A second plate section 204 (FIG. 12) extends continuously from the curved first plate section 202. In some embodiments, the second plate section 204 of the implant 200 has a first edge 241 with a convex portion, and the third hole 208 and the fourth hole 209 are each located adjacent the convex portion of the first edge 241. The second plate section has a third hole 208 offset from the first line segment 211. In some embodiment, the third hole 208 is positioned to be offset in a direction that is anterior or posterior from the first hole 206 and the second hole 207 in a case where the longitudinal axis AL is aligned along a superior-inferior direction of the fibula. The third hole 208 is configured to receive at least one (locking or non-locking) bone screw or button for holding a suture 320s. In some embodiments, the third hole 208 and fourth hole 209 are non-locking holes for receiving a non-locking screw or a suture system, such as a button 320 and suture 320s. In some embodiments, the third hole 208 and fourth hole 209 are locking holes for receiving syndesmosis screws. In some embodiments, the third hole 208 is configured to receive the bone screw or a button for positioning the at least one suture 320s at a lateral apex of the fibula (at the same location shown for syndesmosis plate 100 in FIG. 16) for reducing the syndesmosis. In some embodiments, the holes 208, 209 have a counterbore about 0.010 inch to 0.015 inch deep for seating the head of the screw or button 320. In some embodiments, the implant 200 has a second edge with a concave portion 239, and the first hole 206 and the second hole 207 are located adjacent portions of the second edge excluding the concave portion 239.

The fibula fracture plate 200 has a third plate section 252 (FIG. 12) located adjacent the second hole 207 and having a concave region shaped to conform to a lateral malleolus 303 (FIG. 18) of the fibula 302. In some embodiments, as shown in FIG. 13, the third plate section 252 is offset from the curved first plate section 202 and the second plate section 204 in the radial direction, to accommodate the lateral malleolus 303. The third plate section 252 has at least n additional hole 232-235 (FIGS. 11, 12), positioned to receive an additional bone screw(s) 324-327. In some embodiments, the third plate section has one or more additional holes positioned to receive one or more additional bone screws adjacent a plurality of locations on the lateral malleolus. In some embodiments, the fibula fracture plate has a superior section opposite the third section. The superior section can include additional screw holes 221, 222 and provides additional support and fixation for a fibula fracture.

The number of syndesmosis holes 208, 209 is not limited to two, and can be at least one or more holes. The number and configuration of screw holes in the fibula fracture plate are not limited to the configuration of FIGS. 11-12 and can be varied. Additionally, the shape of the perimeter of the fibula fracture plate 200 can be varied. For example, the perimeter in near the screw holes 221, 222 has an undulating shape with a neck 203, which allows a surgeon to drive a screw into the fibula adjacent to the implant 200 in the scallop (neck) 203 at a different angle for additional fixation and/or enhanced stability. For example, the surgeon can insert the screws so that the distal ends of the screws (opposite the heads) diverge from each other. The scallops (necks) also allow for the surgeon to contour or bend the plate about a tangential axis—orthogonal to the radial and longitudinal axes—to follow the shape of the lateral malleolus of the fibula, for example. In some embodiments, the third plate section 252 has one or more additional undulating curves to provide additional sites at which the surgeon can optionally drive additional screws if appropriate for a particular injury. Further, the shape of plate edges may vary. The plate edges may be rounded, rectangular with rounded corners, or plate edges may have defined corners.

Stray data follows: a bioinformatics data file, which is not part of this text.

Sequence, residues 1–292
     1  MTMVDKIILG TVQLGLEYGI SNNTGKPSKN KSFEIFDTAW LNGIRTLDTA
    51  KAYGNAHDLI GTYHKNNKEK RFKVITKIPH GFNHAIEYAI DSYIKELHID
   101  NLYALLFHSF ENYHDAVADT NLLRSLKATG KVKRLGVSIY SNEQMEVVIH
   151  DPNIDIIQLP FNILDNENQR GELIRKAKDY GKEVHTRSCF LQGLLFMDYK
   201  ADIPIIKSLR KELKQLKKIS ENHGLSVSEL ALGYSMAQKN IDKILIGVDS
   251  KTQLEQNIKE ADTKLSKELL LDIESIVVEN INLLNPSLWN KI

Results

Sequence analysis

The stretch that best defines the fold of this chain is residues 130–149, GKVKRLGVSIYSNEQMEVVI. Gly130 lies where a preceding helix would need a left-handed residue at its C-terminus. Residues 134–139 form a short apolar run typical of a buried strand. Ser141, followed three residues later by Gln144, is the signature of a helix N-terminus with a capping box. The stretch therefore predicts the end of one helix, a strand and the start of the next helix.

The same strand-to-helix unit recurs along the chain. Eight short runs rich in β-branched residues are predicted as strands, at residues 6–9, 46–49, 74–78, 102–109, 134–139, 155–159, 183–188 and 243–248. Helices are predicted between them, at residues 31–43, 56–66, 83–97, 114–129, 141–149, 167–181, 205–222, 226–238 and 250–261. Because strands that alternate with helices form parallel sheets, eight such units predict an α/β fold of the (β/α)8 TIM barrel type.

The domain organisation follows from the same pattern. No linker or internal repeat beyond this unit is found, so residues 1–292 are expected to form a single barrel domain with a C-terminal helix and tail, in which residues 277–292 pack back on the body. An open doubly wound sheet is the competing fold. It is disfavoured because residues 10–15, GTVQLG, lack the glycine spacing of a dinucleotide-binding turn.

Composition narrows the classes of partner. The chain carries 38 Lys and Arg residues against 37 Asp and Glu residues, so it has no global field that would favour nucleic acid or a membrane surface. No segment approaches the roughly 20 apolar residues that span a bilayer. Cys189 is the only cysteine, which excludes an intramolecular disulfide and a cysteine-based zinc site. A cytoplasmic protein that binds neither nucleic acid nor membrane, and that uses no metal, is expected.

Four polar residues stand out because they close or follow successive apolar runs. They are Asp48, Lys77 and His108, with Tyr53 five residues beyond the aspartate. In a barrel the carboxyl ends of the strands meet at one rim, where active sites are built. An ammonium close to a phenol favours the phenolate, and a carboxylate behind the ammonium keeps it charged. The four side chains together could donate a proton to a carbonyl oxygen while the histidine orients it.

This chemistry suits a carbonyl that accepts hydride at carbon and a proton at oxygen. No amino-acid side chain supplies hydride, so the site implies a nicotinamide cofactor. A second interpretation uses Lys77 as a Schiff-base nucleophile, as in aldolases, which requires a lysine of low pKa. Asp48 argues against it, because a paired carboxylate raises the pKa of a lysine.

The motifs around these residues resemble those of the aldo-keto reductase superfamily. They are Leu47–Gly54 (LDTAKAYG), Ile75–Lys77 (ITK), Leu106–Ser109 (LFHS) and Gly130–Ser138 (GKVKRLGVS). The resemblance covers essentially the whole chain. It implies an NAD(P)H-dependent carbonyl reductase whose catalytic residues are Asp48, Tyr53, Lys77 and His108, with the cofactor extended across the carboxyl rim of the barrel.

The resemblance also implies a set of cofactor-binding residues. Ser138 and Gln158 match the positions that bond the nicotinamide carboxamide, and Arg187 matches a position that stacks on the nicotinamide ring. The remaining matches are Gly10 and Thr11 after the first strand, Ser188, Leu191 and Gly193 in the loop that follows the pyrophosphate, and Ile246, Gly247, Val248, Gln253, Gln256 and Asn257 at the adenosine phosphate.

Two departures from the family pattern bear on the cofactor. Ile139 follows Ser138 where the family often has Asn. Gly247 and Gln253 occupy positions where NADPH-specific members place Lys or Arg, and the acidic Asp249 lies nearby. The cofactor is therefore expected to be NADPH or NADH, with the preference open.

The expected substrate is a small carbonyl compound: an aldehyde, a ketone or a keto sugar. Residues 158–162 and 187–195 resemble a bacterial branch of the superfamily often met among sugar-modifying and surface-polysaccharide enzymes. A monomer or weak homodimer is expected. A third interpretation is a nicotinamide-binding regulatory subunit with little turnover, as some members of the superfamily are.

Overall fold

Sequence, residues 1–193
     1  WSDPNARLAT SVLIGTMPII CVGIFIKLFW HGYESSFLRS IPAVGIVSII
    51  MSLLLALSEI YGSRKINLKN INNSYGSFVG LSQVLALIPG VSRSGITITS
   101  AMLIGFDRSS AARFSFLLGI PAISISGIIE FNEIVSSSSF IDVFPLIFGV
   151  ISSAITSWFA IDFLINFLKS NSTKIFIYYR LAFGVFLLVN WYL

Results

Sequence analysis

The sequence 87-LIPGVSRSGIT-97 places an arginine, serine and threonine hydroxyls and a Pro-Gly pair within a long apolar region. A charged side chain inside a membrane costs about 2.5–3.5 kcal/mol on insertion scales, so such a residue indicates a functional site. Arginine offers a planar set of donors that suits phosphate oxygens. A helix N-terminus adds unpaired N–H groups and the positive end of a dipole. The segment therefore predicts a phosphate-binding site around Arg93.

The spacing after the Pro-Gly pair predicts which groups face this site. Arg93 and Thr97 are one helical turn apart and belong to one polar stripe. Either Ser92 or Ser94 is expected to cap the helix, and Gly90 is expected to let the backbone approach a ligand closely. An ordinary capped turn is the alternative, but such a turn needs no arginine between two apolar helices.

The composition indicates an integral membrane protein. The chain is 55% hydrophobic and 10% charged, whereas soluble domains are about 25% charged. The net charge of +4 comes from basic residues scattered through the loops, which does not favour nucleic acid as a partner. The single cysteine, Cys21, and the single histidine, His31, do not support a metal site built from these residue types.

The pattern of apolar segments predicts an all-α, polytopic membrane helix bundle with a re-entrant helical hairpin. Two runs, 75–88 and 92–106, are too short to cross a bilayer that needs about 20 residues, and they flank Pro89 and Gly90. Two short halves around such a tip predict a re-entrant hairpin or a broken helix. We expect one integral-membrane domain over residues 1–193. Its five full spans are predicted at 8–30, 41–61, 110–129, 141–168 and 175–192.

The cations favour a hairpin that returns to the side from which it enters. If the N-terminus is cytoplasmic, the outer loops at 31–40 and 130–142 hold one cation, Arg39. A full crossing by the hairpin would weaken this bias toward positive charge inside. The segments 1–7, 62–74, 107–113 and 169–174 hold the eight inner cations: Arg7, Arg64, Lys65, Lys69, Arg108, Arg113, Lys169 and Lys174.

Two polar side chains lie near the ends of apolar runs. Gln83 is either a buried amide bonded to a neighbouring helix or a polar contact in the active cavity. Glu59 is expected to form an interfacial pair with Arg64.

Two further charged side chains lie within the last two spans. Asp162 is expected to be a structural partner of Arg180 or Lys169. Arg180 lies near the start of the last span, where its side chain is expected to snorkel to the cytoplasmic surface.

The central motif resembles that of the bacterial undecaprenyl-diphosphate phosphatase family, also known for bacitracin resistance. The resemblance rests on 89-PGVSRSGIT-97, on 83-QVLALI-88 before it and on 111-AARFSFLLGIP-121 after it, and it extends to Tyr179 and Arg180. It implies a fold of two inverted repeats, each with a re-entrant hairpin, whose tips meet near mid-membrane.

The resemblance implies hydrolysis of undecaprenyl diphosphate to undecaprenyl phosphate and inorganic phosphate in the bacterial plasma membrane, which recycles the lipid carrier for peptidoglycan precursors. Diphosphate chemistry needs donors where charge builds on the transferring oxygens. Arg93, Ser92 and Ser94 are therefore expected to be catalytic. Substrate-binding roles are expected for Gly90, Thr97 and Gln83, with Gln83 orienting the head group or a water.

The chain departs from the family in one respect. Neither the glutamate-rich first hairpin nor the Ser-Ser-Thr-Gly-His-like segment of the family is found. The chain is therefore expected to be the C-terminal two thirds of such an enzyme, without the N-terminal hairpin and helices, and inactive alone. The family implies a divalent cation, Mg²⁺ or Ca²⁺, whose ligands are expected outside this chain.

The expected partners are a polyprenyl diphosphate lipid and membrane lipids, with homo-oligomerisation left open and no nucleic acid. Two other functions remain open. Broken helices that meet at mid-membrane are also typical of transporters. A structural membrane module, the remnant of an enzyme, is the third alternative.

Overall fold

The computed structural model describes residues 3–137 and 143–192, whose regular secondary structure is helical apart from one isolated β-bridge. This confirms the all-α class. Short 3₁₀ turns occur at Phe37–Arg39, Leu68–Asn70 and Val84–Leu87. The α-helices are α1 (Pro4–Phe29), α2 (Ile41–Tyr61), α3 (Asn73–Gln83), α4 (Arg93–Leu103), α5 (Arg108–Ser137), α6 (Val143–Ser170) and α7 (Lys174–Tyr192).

As shown in FIG. 18, at least one syndesmosis screw or suture 320s is inserted through a lateral-medial hole through the fibula 302 and tibia 304. The syndesmosis screw or suture 320s performs the same function in the fracture plate 200 as discussed above with respect to the syndesmosis plate 100, and is not repeated, for brevity.

FIGS. 16-17 show a method of using the syndesmosis plate 100, and FIG. 18 shows a method of using the fibula fracture plate 200.

As shown in FIGS. 16-17, the method includes positioning a bone plate (e.g., syndesmosis plate 100) on an anterolateral side of a fibula 302 having a syndesmosis 306, 308. The syndesmosis plate 100 has a curved first plate section 102 (anterolateral plate section) having a radius of curvature R1 about a longitudinal axis AL extending in a longitudinal direction